Hyundai, Kia Recall Protest Unprecedented
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Automakers typically comply with recalls, but Hyundai and Kia have refused to do so on a recall of 250,000 of their vehicles. The vehicles were recalled because of defects that a whistleblower reported to the Korean Ministry of Land, Infrastructure and Transport. The whistleblower reported 32 such defects, the Ministry ordered the recall of 10 models in March and April to address five defects that could affect safety.
The Ministry is now reviewing the automaker’s refusal to comply. The company disputes that there is a safety issue, despite the Korean government’s assertion that the defects pose a fire hazard and stalling risk.
The first hearing was held yesterday, with independent mediators holding the session.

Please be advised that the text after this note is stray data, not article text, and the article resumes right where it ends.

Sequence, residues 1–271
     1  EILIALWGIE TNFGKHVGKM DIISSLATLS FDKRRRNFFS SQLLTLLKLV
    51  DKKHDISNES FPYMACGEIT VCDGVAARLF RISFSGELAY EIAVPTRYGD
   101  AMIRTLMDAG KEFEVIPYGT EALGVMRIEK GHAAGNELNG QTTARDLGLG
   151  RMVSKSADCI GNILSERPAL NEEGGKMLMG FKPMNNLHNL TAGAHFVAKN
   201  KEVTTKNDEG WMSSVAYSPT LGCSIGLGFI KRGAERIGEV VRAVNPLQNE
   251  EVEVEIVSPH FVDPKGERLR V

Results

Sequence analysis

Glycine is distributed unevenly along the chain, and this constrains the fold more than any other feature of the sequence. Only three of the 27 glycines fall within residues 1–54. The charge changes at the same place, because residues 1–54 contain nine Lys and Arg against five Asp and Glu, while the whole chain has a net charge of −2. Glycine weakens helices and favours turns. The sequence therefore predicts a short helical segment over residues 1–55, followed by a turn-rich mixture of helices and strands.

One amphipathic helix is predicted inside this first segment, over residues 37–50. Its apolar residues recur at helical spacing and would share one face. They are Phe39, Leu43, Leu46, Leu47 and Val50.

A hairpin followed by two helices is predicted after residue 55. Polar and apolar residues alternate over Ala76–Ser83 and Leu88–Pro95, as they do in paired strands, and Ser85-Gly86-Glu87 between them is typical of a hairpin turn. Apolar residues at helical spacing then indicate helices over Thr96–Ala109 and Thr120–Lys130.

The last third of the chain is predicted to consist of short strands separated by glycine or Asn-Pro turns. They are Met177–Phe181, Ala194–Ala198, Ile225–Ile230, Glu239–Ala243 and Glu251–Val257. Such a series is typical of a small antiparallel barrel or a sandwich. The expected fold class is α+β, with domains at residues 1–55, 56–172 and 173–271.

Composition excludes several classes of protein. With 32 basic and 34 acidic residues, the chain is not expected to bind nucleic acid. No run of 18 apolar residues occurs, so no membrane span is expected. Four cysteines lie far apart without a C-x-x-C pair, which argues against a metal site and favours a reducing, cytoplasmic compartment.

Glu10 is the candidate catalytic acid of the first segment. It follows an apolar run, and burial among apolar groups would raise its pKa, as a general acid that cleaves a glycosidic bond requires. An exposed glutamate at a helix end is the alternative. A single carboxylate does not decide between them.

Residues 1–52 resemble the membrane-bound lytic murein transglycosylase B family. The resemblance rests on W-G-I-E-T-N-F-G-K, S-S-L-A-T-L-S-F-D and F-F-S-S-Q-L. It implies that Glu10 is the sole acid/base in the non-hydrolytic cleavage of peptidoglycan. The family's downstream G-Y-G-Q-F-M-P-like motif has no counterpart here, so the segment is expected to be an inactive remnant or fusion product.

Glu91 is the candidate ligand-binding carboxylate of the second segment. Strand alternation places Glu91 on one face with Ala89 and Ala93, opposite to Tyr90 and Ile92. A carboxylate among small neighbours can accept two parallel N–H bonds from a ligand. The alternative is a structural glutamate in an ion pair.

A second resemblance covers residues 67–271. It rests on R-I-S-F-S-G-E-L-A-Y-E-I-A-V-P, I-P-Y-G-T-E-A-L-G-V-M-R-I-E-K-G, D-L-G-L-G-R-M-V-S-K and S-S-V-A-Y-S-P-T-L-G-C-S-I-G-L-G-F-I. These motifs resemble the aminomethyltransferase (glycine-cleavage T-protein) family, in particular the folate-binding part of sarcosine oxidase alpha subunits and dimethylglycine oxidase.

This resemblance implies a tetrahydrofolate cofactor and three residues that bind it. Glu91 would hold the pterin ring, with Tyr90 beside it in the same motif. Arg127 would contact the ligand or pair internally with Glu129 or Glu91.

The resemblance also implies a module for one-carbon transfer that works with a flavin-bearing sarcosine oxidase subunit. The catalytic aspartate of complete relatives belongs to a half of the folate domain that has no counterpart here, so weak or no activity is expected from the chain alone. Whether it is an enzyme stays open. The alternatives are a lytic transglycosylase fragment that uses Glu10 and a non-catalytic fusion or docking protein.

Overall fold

The Ministry suspects Hyundai/Kia would argue the defects aren’t enough to warrant a full recall and that the company would offer free repairs as a way to get around the recall order. The Ministry already ordered Hyundai/Kia to offer free repairs to address seven other defects that didn’t require a recall order.
This move is unprecedented in Korean history, and automakers usually comply with U.S. regulators when a recall is warranted, as well. However, news reports suggest many American recalls don’t get addressed because automakers have inaccurate compliance records. Consumers also sometimes fail to bring their vehicles in for repairs.
Why Would Hyundai Push Back?
Hyundai and Kia’s pushback is unusual, and perhaps short sighted, since the alternative would still involve offering repairs to customers. It appears the automaker is trying to avoid a financial hit, it already took a first-quarter hit due to another recall of 1.4 million vehicles in the U.S., Canada, and Korea.
If that’s the case, it doesn’t make much sense – it would almost certainly be better PR for the automaker if it simply took care of the recalls instead of fighting to maintain its image for reliability.
Or perhaps Hyundai/Kia has a reason to fight. We will see soon.